Hypertension is an important risk factor for most of the common causes of death in Sri Lanka; coronary heart disease, stroke, heart and renal failure. Approximately one-fifth to one-third of adult Sri Lankan population has blood pressure levels that are above normal and the prevalence is similar to those in most of the developed countries   and  . Blood pressure levels are strongly associated with the morbidity and mortality of cardiovascular diseases. Hence, measuring blood pressure and treating is of utmost importance in managing a patient’s cardiovascular risk  . Even though ambulatory blood pressure readings are superior to office and home blood pressure readings  the latter one is preferred as it is simple, freely available and cost effective. Conventional mercury sphygmomanometers and oscillometric electronic blood pressure recorders are widely used for this purpose  . Mercury sphygmomanometers have been considered as a gold standard for measuring blood pressure reading for a long time. However in the recent past oscillometric equipments had gain importance  . Considering the health hazards and the environmental safety, the Sri Lankan ministry of health made a national policy to sanction the import of mercury equipments including sphygmomanometers into the country. From a clinician’s point of view, there are unexplored pros and cons in switching to oscillometric sphygmomanometers from mercury ones   . As both the manometers are made up of two totally different physical principles in measuring blood pressure, it is anticipated that the blood pressure values could differ particularly in elderly patients due to their vascular stiffness, which is believed to be the cause for the isolated systolic hypertension of elders. This study is designed to look in to the differences of systolic and diastolic blood pressures in elderly patients by both methods adopting standard practice of measuring blood pressure.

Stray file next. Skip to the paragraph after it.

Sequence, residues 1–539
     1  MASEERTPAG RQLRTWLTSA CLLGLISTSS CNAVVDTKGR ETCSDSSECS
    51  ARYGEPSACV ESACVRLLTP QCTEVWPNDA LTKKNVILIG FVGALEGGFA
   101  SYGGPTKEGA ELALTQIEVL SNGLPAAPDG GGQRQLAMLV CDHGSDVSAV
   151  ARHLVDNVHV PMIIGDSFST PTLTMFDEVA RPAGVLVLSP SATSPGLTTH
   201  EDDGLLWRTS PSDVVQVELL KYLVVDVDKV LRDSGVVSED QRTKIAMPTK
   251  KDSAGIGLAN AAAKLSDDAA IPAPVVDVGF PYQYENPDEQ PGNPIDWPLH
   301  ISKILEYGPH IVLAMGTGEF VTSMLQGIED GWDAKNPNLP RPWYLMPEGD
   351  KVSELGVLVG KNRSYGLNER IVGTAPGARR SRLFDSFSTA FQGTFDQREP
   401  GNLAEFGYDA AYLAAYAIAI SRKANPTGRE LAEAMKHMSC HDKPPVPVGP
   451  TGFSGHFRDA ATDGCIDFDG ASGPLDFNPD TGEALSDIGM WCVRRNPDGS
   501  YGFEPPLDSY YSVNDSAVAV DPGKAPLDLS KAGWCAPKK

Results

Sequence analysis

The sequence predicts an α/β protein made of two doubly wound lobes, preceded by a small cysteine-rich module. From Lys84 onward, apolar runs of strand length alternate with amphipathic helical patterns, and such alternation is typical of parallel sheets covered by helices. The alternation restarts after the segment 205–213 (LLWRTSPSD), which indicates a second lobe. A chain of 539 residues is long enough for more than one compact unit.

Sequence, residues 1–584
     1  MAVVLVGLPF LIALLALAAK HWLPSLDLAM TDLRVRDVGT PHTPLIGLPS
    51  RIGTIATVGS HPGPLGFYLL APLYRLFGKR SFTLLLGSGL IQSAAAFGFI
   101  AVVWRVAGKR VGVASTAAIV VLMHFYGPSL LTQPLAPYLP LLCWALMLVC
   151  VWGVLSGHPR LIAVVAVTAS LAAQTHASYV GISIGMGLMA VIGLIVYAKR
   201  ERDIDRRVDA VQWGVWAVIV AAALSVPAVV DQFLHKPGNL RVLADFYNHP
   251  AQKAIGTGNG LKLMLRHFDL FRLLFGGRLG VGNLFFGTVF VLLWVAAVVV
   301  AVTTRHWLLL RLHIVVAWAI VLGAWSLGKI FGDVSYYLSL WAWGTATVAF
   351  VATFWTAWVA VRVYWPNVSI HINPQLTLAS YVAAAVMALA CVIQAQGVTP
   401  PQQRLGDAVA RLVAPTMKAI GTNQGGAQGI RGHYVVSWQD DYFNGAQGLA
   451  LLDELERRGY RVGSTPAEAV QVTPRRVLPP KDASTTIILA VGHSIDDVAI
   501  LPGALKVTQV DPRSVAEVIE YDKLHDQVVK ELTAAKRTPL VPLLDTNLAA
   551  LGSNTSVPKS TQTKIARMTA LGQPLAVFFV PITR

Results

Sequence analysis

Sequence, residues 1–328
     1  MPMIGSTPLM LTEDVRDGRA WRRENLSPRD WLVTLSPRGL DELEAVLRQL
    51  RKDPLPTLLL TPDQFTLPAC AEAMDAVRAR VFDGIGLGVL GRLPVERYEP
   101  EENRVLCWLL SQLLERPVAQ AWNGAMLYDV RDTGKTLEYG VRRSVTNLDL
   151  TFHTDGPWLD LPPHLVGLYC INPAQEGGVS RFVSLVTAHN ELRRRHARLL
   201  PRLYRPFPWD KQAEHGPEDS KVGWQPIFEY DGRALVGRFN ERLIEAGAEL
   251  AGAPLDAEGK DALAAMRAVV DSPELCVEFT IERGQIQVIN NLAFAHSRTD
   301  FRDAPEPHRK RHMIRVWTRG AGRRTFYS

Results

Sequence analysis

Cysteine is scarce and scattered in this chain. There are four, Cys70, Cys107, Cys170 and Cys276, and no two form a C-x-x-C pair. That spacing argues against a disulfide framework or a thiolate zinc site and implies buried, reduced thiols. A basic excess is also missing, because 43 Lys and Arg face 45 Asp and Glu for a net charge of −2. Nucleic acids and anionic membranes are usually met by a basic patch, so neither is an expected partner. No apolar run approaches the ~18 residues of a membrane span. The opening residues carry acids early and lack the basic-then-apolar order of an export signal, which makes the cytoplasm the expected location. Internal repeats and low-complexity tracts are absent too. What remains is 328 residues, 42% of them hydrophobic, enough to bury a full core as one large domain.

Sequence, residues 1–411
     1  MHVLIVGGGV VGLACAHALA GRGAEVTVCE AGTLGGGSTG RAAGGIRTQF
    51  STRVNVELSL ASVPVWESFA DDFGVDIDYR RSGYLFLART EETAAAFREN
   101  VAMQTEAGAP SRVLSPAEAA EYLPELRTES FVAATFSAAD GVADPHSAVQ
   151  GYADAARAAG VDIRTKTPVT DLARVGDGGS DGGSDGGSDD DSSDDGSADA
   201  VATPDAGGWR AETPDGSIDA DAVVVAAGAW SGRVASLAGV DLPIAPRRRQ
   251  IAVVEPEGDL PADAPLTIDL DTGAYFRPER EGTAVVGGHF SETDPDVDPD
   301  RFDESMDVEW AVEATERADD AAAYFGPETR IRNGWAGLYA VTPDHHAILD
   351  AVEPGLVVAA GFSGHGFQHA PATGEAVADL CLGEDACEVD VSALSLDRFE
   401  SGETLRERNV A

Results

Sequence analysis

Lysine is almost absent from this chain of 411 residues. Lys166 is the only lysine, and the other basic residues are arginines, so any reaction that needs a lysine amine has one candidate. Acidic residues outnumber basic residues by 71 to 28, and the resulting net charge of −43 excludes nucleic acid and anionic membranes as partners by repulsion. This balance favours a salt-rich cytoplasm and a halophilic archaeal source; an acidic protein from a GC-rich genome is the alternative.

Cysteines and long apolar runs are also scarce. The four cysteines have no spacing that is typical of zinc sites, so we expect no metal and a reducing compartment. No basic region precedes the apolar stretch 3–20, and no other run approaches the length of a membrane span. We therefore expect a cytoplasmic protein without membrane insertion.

This is a cross sectional study, included 204 patients admitted over a period of two months at Teaching hospital, Jaffna, Sri Lanka. Patients aged more than 60 years admitted to medical units during the period of October and November, 2016 were included. Bed bound patients (bed bound and was not able to walk even with support) and critically ill patients (those who need organ support including inotropes, ventilation or renal replacement therapy) were excluded from this study.
Ethical approval was sought and obtained from the Ethical Review Committee, Faculty of Medicine, and University of Jaffna, Sri Lanka.
Assessment of blood pressure
Blood pressure of the patients was measured by both mercury sphygmomanometer and oscillometric (validated Omron EN-M3) electronic blood pressure recorder. After about 10 minutes of quiet sitting, the blood pressure was measured in sitting position and the arm was placed on the table. The mercury sphygmomanometer cuff (appropriate size) was wrapped around right arm first and then left arm followed by oscillometric recorder. Three readings were taken in each arm with oscillometric recorders and the average was taken for the analysis  .
3. Data Analysis
The data was analyzed using SPSS (version 24) statistical package. Descriptive statistics like frequency, percentage, mean and standard deviation were used to summarize the data and t-test was used to assess the significance between right and left arm blood pressure by using both mercury and oscillometric blood pressure recorders.